Dystroglycan (DG) is a cell surface adhesion complex, originally
isolated from rabbit skeletal muscle, representing the pivotal element
of a multimeric complex defined as dystrophin-glycoprotein complex
(DGC). In mammals DAG1 possesses an uncomplicated
exon-intron-exon structure, and its transcription and translation
generates a precursor protein that is post-translationally cleaved into
two noncovalently associated subunits: the highly glycosylated
extracellular α-DG and the transmembrane β-DG . The DG subunits are believed to establish a molecular bridge linking the extracellular matrix to the cytoskeleton . In skeletal muscle and in a wide variety of tissues α-DG binds extracellular matrix molecules, such as laminins, agrins and perlecan, and interacts non covalently with β-DG, that binds dystrophin via its cytoplasmic tail .
Several cDNA sequences, which in most cases correspond to a highly
conserved protein product 895 aa long, have been reported in different
organisms such as human, mouse, dog, amphibia and fish DGs. The degree
of sequence identity among mammals is remarkably high (> 90%), while
the recently identified cDNA sequences of X. laevis and D. rerio (zebrafish) confirm that a very high degree of similarity is found also in lower vertebrate species [4,5].
DG is believed to have an increasingly important role in human
health, being involved in pathological processes ranging from cancer
progression to infective diseases .
In particular, in human skeletal muscle DG, as well as several proteins
belonging to the DGC (like dystrophin and sarcoglycans), is involved in
severe forms of muscular diseases . On the other hand, until now there are no reports about muscular diseases directly generated by DAG1 mutations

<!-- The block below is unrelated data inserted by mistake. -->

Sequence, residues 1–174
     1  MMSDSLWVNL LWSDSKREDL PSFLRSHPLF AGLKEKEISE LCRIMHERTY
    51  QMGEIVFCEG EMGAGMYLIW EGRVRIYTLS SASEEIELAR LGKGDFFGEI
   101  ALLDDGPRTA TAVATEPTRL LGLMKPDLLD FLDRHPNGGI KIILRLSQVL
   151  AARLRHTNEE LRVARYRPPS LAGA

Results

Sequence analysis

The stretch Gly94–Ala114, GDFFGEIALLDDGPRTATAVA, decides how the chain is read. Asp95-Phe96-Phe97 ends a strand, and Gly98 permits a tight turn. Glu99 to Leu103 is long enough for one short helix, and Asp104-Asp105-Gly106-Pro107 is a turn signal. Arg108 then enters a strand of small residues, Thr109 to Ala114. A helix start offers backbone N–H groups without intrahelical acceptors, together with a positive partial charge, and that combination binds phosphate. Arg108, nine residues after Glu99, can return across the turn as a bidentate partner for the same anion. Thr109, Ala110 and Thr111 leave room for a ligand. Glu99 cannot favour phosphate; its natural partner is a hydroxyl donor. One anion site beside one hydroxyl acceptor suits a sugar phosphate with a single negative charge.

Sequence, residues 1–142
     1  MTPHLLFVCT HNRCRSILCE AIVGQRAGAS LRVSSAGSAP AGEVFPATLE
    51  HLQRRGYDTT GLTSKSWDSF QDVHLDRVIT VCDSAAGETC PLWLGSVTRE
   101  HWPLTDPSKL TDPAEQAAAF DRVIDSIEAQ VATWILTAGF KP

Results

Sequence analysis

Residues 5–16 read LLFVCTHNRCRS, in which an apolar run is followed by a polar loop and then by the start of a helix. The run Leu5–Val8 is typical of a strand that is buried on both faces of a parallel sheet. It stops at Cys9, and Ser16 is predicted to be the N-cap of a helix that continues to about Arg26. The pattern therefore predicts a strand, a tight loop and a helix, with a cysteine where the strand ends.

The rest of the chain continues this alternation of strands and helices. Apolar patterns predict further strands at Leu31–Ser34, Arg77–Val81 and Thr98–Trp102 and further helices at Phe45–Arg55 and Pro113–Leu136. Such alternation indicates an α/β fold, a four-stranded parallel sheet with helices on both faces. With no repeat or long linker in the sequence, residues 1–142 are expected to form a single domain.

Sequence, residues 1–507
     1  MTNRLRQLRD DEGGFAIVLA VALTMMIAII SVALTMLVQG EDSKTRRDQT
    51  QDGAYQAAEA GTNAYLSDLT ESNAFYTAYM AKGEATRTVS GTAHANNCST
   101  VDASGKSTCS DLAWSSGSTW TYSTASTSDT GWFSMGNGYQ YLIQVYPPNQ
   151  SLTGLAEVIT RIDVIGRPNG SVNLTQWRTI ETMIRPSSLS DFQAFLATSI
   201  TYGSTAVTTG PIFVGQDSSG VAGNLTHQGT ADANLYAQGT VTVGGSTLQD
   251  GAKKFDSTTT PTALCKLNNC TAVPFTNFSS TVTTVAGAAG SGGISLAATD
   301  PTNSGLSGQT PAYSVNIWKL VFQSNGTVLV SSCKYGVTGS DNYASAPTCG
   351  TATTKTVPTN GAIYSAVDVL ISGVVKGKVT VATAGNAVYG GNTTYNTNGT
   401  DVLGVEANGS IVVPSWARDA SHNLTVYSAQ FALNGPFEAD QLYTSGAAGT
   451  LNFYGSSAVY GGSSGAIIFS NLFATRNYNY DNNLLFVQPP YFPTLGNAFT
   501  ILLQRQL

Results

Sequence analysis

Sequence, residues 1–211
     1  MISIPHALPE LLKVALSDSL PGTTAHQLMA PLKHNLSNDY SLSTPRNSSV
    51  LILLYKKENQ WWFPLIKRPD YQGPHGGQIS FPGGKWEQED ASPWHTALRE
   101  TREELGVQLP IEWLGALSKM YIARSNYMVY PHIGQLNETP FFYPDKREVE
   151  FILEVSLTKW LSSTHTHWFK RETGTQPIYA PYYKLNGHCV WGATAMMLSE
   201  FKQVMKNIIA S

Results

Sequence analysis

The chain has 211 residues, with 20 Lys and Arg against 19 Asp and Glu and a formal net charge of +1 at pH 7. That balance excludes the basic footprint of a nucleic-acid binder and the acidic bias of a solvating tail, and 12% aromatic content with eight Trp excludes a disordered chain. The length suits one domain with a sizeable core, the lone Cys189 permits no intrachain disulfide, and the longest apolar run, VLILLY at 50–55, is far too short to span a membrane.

(primary dystroglycanopathies), not surprisingly since the DG knockout
experiment in mice causes an early arrest of the embryonic development
(at day 6.5), due to the disruption of the Reichert's membrane .
However, in particular muscular diseases, known as congenital
dystrophies (Muscle-Eye-Brain disease, MEB; Fukuyama Congenital
Muscular Dystrophy, FCMD; Walker-Warburg Syndrome, WWS), mutations in
different genes encoding for glycosyltransferases are regarded to
generate an abnormal glycosylation of α-DG [9-11]. This alteration of the glycosylation pattern of α-DG
compromises its binding to extracellular matrix molecules and it is
thought to be the reason for the progressive muscle fibre degeneration;
this kind of human congenital disorders have been defined as "secondary
In the last years, a large body of knowledge originated from
comparative biochemical and physiological studies about dystroglycan
and the dystrophin glycoprotein complex in D. rerio [5,13-15], which showed that DG indeed plays a crucial role for adult skeletal muscle stability . With the aim of carrying out an expanded genetic and biochemical comparative analysis, we examined DAG1 from several fish species; besides D. labrax (sea bass) and D. rerio (zebrafish), we also analysed pufferfish characterized by compact genomes (T. nigroviridis and T. rubripes), other teleosts such as O. latipes (medaka) and G. aculeatus (stickleback), and Antarctic species (T. bernacchii and C. hamatus). So far it was generically assumed that all vertebrate species would share only one copy of DAG1, even if a whole genome duplication (WGD) event, involving a large number of genes, has been described in Actinopterygii .
Although a DG gene duplication event has not been identified in D. rerio ,
our computer mining of genomic data available for pufferfish indicates
that two different DG sequences are present. Accordingly, via the
analysis of DNAs (and cDNAs) from T. nigroviridis, we identified two functional paralogous DG sequences, hereinafter defined as DAG1a and DAG1b. Moreover, for the first time we have cloned and sequenced DAG1 in sea bass (D. labrax),
showing that it contains an additional mini-intronic sequence of about
150 bp, which is properly spliced out upon transcription.